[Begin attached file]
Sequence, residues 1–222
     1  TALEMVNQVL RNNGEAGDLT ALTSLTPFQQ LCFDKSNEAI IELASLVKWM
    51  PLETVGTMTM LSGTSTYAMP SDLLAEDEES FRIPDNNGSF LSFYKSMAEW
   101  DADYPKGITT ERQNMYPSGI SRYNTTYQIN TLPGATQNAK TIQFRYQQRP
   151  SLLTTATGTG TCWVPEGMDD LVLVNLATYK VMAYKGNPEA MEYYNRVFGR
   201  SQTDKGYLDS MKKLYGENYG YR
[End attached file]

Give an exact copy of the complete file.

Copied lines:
Sequence, residues 1–222
     1  TALEMVNQVL RNNGEAGDLT ALTSLTPFQQ LCFDKSNEAI IELASLVKWM
    51  PLETVGTMTM LSGTSTYAMP SDLLAEDEES FRIPDNNGSF LSFYKSMAEW
   101  DADYPKGITT ERQNMYPSGI SRYNTTYQIN TLPGATQNAK TIQFRYQQRP
   151  SLLTTATGTG TCWVPEGMDD LVLVNLATYK VMAYKGNPEA MEYYNRVFGR
   201  SQTDKGYLDS MKKLYGENYG YR